In the summer of 2011 I attended the Adaptive Schools workshop put on by the Center for for Adaptive Schools. During that 4 day workshop I learned many things, but one of the most useful was around paraphrasing when collaborating with others to clarify ideas, thoughts, and conversation. In the classroom, I often asked students to paraphrase what I said to make sure they understood my directions. I also used paraphrasing to allow students to make their own meaning around a poem or other piece of text that we were studying. However, what I don’t remember doing was having students paraphrase each other in meaningful and intentional ways. I had them read each others work in a peer review, but typically students (despite my instructions) focused on the structure of the writing rather than clarifying what a classmate meant and the ideas that were included in the writing. As I think back to that activity, I wonder how much more learning they would have gotten out of this collaborative work had I asked them to paraphrase (either through writing or conversation) the work. My guess is that it would have been considerable.
According to the Center for Adaptive Schools, there are three different types of paraphrasing that are efffective ways to to support thinking. Each of these techniques depends on the purpose for the paraphrase and, if used effectively, can help students think in different ways.
- Acknowledge/Clarify – This technique can be used to better understand a phrase or text. Essentially, one person takes the others ideas, speech, or text and puts it into their own words. This is especially useful as students are trying to come to an understanding of a concept. This is probably the most common type of paraphrase that students and teachers use in the classroom. It provides students with feedback and acknowledges their voice and ideas. It also gives the person with those ideas the ability to say, “Yes, that’s exactly what I meant” or, “No, you’ve misunderstood, what I mean is…”. By using this technique, everyone is on the same page.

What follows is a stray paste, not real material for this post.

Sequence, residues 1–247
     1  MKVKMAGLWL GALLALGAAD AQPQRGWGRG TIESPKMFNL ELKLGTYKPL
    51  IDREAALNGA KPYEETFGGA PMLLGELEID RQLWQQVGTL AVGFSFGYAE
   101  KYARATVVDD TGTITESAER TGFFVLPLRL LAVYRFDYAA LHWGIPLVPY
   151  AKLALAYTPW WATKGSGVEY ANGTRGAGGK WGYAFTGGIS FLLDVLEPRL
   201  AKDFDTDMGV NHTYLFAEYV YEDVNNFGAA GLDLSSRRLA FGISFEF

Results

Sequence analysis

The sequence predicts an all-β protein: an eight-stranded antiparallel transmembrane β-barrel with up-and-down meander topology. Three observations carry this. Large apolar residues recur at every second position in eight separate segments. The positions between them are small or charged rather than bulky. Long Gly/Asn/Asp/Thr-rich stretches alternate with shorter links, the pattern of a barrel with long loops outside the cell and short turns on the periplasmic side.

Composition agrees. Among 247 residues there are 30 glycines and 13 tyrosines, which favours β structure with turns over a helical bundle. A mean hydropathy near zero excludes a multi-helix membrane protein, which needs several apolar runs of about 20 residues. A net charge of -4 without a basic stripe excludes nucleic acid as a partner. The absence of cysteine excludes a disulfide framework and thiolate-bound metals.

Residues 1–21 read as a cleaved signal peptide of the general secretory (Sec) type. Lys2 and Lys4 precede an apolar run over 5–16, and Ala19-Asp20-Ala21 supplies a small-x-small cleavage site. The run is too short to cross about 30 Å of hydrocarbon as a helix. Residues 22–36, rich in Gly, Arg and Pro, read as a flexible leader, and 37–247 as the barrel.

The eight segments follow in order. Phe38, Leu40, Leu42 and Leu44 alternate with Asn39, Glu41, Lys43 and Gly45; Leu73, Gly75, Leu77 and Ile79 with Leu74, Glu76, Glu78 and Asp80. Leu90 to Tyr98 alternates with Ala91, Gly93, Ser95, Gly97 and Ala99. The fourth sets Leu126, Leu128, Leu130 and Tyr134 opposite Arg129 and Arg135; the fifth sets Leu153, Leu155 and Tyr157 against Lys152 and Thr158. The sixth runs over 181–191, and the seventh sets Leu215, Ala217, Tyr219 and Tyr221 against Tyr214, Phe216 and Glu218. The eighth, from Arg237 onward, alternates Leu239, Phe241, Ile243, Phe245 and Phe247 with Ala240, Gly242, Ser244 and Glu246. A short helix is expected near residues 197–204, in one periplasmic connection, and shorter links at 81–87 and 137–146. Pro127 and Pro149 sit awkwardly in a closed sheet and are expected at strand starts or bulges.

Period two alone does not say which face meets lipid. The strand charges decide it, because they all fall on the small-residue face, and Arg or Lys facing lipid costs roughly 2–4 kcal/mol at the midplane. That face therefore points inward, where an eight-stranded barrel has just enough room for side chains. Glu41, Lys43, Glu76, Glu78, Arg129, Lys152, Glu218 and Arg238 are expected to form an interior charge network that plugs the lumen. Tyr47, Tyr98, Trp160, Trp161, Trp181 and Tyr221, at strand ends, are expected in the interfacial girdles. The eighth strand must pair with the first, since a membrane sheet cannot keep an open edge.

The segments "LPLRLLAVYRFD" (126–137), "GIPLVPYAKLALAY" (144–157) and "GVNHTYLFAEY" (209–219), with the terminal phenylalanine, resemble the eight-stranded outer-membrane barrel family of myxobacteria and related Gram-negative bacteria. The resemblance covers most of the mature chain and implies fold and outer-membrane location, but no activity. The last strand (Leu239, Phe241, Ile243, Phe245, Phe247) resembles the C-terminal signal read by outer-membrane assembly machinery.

- Summarize/Organize – This technique is used to organize the thoughts that are heard or read. Sometimes students have their ideas and can verbalize them, but haven’t organized them into cohesive thoughts. Summarizing and organizing puts these thoughts together and can give meaningful feedback to the person with the ideas because it helps them think more clearly about what is being said or written. In many cases, the paraphraser will also include numbers or categories that will help to offer further clarity about what issues or ideas might be brought up. This technique also gives those with the ideas the opportunity to expand on their ideas if they don’t feel the categories accurately portrait their original thoughts.
- Shift level of abstraction – The final technique takes a certain level of maturity and thought process to really implement it effectively. I often think about this in the scope of a socratic seminar where students are beginning to think in abstract ways. A particular student may read a piece of text or have a conversation and, through paraphrasing, explore the values that they hold. For instance, when students read a story or primary source document, they will identify with it in different ways based on their own experiences and values. Many times who or what they identify with can offer insights to their own identities that they may not have even understood. Using paraphrasing techniques as an opportunity, students can begin to think more broadly about some of the essential questions that are part of the curriculum and help them to identify with their own work.
There is far more to say about paraphrasing and how it can be used in the classroom and I continue to think about how this impacts students and teachers. During the Adaptive Schools sessions, our facilitator, Toni Prickett, said that, “Paraphrasing is saying what they didn’t say.” This has stuck with me as I work on my own paraphrasing skills. When I’m in that mode I listen more closely to understand not only what students and teachers are saying, but equally important, what are they not saying.?
How do you paraphrase? Are these techniques that you use now? How could they be used in your classroom and with students?